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Spring and Fall

Spring and Fall

by Gerard Manley Hopkins

Analysis: Form and Meter

Rhyming Sprung Rhythm

So, if ever a poet was interested in Form and Meter, it was our man Hopkins. Let's start with the easier part of the form: the rhyme scheme. It's actually pretty straightforward in this particular poem: AABBCCDDDEEFFGG. Those letters each represent a rhyming sound. So, we can see that line 1 (A) rhymes with line 2. Line 3 (B) rhymes with line 4. And so on.

The rhyme scheme is pretty regular, then, at least at first. But then we get to lines 7-9, where we have three rhyming lines in a row. Not only that, but the words "By and by" in line 7 form an internal rhyme with the end rhymes of these lines. What's up with that? Hopkins might want to emphasize those lines in particular. They fall exactly halfway through the fifteen-line poem, and they make a kind of dramatic climax. This is the point in the poem when the speaker says that the little girl, Margaret, will one day continue to "weep" at the sight of fallen leaves, but when she's older, she'll understand the reason. In other words, she will come to understand death and mortality when she's older.

Heavy stuff, we know. But hey, that's the message of the poem. It could be that Hopkins wanted these lines to stand out more at the center of the poem, and wanted us to linger over these lines in particular. The extra rhymes—the repeated long "I" sounds—help accomplish that.

So that's it for the rhyme scheme. But what about the meter? Hopkins is famous for throwing the usual rules of poetic meter out the window and coming up with his own meter, which he called "sprung rhythm." He thought that his kind of poetic meter did a better job of imitating natural human speech patterns. He was so into this idea that he often made notes in his poems about where the stress should fall in each syllable. So, when you see his poems published elsewhere, that explains what looks like a stuck apostrophe key on his typewriter.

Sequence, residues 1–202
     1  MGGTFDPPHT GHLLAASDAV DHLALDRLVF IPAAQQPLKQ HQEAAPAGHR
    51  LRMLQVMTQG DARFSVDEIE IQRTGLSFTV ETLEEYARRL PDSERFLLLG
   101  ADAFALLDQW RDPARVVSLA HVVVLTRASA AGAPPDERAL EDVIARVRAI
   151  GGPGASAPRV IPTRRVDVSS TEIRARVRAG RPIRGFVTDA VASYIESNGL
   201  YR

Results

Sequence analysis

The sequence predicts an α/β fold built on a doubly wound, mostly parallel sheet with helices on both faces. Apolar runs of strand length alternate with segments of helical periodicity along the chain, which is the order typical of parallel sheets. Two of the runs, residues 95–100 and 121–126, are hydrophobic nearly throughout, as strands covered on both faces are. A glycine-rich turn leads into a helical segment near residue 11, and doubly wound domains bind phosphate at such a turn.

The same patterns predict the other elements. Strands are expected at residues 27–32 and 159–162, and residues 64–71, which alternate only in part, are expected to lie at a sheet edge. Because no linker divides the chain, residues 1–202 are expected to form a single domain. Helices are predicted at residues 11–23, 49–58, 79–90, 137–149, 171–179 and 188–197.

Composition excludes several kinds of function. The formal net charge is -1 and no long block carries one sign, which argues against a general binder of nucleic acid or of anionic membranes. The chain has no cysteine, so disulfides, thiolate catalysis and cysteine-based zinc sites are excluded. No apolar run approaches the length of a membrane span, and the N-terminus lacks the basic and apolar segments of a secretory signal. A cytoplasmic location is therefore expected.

Regular poetic meter has a set pattern of stressed and unstressed syllables in each line, but sprung rhythm might have groups of stressed syllables all in a row, followed by a bunch of unstressed syllables. Check it out:

Though worlds of wanwood leafmeal lie;
And yet you will weep and know why.
(8-9)

If we highlight the syllables that you'd naturally stress, you'll see what we mean:

Though worlds of wanwood leafmeal lie;
And yet you will weep and know why.
(8-9)

The first line—line 8—is very regular. In fact, it is iambic tetrameter (an iamb is an unstressed syllable followed by a stressed syllable, and "tetrameter" means that there are four—"tetra-" being Greek for four—of those iambs in the line). Iambic tetrameter is actually a very traditional meter for English poetry. But then look at line 9. There are still a total of four stressed syllables, but instead of being evenly spaced out, they're clustered together.

Hopkins thought that this was a more natural way of writing (after all, most people don't actually speak in iambic tetrameter all the time). Plus, clustering those stressed syllables together draws our attention to those particular words. And, as we pointed out when we were talking about the rhyme scheme, these lines are the dramatic climax of the whole poem—so no wonder Hopkins wanted to draw attention to them!

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